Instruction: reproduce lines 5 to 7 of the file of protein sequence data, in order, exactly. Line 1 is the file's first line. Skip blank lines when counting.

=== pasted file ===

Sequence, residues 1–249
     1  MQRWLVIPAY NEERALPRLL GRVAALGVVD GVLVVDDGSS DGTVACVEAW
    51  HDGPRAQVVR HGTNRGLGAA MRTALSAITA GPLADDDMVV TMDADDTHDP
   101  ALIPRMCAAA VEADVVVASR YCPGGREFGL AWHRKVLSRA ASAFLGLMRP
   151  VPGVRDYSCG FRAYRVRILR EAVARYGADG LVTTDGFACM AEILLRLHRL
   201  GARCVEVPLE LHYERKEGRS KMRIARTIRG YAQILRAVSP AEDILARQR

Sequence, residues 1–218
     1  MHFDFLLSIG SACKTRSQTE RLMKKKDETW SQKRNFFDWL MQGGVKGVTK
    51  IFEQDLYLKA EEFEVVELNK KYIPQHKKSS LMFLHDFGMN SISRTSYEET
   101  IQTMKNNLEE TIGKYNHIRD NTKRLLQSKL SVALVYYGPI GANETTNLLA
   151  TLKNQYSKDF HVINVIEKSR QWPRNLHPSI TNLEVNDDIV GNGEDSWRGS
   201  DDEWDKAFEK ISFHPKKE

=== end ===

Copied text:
   151  VPGVRDYSCG FRAYRVRILR EAVARYGADG LVTTDGFACM AEILLRLHRL
   201  GARCVEVPLE LHYERKEGRS KMRIARTIRG YAQILRAVSP AEDILARQR

Sequence, residues 1–218